574713295
574713295

US banking crisis

Economische Opinie

574713295

Abstract

The recent wobbles of US regional banks have caused important economic damage. Lending standards have tightened significantly and taxpayers are likely to have taken an important hit. The crisis will thus likely contribute to the slowdown of the US economy in the coming quarters. Nonetheless, even if other US regional banks were to face difficulties, a 2008 repeat is unlikely. The financial sector is now in better shape, authorities are more proactive and the economic origin of the crisis is very different.

Introduction

In early August, Moody’s, a major credit rating agency, downgraded the ratings of ten regional US banks. The downgrades shook financial markets and were a stark reminder of the remaining vulnerabilities in the US banking sector, especially among lesser regulated regional banks. Comparisons with the 2008 global financial crisis, which plunged the US in a prolonged recession, did resurface. However, though the recent banking woes are certainly damaging the US economy, their eventual structural impact is likely to be milder (even if new flare-ups of the banking crisis were to arise and more US regional banks were to face sudden liquidity issues).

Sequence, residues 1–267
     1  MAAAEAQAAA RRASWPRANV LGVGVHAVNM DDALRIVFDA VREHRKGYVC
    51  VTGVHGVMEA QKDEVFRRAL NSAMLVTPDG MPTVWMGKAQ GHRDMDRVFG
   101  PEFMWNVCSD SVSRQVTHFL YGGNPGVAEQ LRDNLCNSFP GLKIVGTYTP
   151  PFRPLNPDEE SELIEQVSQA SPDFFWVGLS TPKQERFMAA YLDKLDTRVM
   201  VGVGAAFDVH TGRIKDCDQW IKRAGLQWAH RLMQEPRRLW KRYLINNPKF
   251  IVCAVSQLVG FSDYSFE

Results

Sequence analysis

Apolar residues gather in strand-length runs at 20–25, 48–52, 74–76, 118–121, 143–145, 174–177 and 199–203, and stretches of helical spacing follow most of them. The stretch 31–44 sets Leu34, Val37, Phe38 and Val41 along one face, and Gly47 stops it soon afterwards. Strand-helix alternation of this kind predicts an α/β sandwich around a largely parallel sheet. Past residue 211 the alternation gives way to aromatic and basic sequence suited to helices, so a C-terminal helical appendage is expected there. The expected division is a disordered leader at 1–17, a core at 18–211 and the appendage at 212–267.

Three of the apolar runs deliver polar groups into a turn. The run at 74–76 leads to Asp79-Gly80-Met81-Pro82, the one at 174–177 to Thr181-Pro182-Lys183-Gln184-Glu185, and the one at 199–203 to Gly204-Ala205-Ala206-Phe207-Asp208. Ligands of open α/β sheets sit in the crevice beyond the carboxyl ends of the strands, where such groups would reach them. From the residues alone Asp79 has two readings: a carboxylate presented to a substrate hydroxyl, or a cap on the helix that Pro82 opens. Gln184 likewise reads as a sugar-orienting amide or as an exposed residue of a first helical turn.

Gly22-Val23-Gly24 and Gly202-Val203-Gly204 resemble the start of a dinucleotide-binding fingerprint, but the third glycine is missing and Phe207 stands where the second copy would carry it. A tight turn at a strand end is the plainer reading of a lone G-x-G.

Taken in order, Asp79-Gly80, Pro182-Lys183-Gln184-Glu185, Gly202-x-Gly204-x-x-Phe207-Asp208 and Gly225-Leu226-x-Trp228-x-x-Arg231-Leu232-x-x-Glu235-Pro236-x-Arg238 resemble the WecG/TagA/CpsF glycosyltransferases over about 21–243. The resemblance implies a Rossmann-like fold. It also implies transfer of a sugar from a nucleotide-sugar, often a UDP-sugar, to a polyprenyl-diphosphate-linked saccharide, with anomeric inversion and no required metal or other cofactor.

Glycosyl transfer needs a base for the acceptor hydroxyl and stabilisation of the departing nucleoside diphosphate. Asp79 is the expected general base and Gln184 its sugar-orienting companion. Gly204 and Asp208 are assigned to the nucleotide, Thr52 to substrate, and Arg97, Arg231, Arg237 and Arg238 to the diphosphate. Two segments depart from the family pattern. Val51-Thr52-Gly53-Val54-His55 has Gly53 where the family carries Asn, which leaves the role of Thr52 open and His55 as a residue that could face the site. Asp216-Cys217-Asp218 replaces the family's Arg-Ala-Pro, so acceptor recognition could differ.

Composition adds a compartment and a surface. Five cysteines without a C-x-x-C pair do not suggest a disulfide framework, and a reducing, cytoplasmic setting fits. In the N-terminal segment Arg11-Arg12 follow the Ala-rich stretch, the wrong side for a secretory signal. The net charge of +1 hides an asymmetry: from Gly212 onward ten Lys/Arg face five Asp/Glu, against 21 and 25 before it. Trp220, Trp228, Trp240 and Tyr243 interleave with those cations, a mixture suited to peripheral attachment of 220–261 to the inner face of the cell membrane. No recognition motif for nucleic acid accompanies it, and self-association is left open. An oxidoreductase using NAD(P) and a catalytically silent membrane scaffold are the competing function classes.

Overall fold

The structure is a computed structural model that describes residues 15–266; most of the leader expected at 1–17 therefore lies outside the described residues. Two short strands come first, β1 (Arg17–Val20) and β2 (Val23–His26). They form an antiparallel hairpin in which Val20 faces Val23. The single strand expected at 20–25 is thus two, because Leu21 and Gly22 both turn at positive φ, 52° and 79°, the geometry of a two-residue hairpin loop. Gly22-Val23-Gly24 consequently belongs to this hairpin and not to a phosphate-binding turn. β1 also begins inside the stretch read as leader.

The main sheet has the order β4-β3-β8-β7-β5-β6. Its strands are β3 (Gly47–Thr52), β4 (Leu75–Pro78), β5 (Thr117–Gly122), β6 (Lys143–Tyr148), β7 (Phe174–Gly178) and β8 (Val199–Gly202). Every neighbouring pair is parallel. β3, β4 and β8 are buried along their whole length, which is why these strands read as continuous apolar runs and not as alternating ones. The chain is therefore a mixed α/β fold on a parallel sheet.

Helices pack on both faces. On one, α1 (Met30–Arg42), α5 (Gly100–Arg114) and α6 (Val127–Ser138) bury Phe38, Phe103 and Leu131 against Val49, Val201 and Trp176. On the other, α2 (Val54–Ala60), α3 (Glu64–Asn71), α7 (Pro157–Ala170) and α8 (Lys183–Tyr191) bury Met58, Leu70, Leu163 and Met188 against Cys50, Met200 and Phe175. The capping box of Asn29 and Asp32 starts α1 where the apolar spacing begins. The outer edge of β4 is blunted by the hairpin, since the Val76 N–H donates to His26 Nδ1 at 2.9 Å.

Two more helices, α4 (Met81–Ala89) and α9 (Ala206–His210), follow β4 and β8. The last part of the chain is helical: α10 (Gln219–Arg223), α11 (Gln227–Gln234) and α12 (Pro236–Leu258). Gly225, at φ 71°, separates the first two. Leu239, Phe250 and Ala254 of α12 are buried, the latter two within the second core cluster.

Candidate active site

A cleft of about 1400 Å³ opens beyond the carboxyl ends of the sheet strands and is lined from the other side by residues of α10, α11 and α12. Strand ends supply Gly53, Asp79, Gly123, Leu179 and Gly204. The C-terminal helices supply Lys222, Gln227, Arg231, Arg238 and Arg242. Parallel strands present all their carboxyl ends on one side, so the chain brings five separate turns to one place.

Financial sector is more solid

A first important difference with 2008, relates to financial regulation. Following the financial crisis, the US Congress passed the “Dodd-Frank Wall Street Reform and Consumer Protection Act”. The law included provisions to prevent predatory lending, limit speculative trading and subjected banks with (over) 50 billion USD in assets to more strenuous capital and liquidity requirements and regular stress-tests. Unfortunately, the 2018 “Economic Growth, Regulatory Relief, and Consumer Protection Act” increased the asset threshold to 250 billion USD. Nonetheless, the current US financial system is far more resilient today than in 2008. Though other medium-sized US banks could still face sudden outflows going forward, overall, banks now have far greater buffers to withstand new financial shocks (see figure 1).

Faster government reaction

A second important difference was the reaction of central authorities. On 15 September 2008, the government allowed Lehman Brothers to collapse in a disorderly manner, causing a panic reaction across the financial sector. Later, in the midst of serious financial panic, on 29 September 2008, the US House rejected the Emergency Economic Stabilization Act, which authorized the Treasury to spend as much as 700 billion USD in taxpayer funds to buy mortgage-backed securities and other distressed assets. Luckily, it passed a slightly adjusted version four days later, which calmed financial markets. Nonetheless, the slow government response caused considerable economic damage, as consumer and producer confidence nosedived.